The origin of Cava is associated to the splendor of Catalan viticulture mid-nineteenth century, when several families from Sant Sadurní d’Anoia started to investigate the champenoise method applied to crops in the area.
In 1872, it was produced in the town of Sant Sadurní the first bottles of Cava following the traditional method of second fermentation in bottle. Thus began their elaboration and the town became the main capital of Cava.
Cavas are classified by sugar content, from Brut Nature to Sweet. There is a wide range depending on the sugar added.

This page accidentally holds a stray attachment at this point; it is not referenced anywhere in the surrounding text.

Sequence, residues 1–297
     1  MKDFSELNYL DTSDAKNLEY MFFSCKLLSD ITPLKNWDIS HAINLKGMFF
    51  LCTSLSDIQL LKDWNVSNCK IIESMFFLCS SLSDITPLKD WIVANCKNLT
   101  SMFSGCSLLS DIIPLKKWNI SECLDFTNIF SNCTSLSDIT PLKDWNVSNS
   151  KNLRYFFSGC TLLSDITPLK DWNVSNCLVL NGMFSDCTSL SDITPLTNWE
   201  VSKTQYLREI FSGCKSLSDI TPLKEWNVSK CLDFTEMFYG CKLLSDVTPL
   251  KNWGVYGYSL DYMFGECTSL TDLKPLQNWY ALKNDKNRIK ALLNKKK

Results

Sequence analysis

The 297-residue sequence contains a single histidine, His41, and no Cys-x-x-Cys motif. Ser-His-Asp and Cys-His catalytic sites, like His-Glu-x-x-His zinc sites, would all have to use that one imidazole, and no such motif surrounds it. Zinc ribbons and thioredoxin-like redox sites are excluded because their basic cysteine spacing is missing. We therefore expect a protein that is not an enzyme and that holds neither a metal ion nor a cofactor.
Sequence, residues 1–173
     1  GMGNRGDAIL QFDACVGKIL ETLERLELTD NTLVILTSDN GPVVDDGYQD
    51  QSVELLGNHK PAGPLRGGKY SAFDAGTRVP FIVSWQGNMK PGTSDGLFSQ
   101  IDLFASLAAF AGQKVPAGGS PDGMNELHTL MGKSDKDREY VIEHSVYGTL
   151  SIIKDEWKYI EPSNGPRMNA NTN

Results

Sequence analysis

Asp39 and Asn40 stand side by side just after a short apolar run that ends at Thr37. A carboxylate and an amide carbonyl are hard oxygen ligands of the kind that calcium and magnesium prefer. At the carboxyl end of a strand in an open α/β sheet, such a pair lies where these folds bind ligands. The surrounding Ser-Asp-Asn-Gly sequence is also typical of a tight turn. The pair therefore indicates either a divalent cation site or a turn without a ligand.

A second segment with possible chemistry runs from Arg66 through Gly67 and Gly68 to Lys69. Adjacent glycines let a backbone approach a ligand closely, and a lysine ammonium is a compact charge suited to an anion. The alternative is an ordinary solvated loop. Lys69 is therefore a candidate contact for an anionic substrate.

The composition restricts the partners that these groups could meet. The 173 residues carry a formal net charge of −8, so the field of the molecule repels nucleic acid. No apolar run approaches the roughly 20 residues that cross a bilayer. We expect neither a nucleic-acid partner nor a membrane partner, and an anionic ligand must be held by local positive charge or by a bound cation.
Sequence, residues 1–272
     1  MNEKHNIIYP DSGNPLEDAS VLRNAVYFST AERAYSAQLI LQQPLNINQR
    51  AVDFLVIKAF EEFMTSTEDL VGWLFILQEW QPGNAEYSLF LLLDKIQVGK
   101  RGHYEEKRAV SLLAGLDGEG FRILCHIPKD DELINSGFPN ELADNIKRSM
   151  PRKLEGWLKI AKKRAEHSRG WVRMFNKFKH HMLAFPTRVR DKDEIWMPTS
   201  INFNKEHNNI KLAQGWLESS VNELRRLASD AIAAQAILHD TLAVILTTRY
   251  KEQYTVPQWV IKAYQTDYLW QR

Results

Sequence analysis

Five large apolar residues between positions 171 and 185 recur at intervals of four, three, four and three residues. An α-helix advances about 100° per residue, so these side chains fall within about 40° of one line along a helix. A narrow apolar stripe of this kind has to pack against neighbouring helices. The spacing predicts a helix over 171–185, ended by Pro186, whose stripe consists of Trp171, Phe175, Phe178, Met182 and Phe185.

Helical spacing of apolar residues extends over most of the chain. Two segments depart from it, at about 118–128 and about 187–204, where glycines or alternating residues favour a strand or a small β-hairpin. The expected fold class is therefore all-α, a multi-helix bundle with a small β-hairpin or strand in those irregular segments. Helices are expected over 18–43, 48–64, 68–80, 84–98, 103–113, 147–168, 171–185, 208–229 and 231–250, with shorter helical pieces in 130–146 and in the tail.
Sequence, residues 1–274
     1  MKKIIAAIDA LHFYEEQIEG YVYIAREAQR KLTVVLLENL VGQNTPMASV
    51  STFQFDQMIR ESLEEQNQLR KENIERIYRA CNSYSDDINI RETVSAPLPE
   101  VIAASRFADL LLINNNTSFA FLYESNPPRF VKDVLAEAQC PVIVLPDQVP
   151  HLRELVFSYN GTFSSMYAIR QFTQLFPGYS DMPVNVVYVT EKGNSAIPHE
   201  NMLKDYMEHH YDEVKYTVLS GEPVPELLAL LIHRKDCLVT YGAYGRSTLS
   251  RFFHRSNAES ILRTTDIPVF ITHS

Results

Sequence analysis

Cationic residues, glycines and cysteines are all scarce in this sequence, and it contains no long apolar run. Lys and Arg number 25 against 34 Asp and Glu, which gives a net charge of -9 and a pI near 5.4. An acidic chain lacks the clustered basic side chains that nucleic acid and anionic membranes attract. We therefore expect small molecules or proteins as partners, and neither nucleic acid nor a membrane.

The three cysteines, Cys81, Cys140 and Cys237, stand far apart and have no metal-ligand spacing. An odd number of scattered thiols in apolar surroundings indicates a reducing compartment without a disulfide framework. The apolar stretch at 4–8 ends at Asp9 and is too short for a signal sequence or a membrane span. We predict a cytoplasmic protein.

* Brut nature: 0-3 g. per litre (no added sugar).
Extra Brut: Up to 6 g. of sugar per litre.
Brut: Up to 12 g.
Extra Dry: between 12 and 17 g. of sugar.
Dry: between 17 and 32 g. of sugar.
Semi Dry: between 32 and 50 g.
Sweet: over 50 g. of sugar per litre.
* It could only be used in the case of there is no added sugar after disgorging the bottle
Types of cava
– Joven: Mild, fruity and fresh.
– Reserva: Reservas have rested for a minimum of 15 months deep in the dark and silent underground cellars
– Gran Reserva: The meticulous ageing for over 30 months makes this a unique wine, for which this special category is reserved.
– Rosado: Freshness and exuberance. Monastrell, Red Grenache, Pinot Noir and Trepat. These are the four varieties which provide it with its colour singularity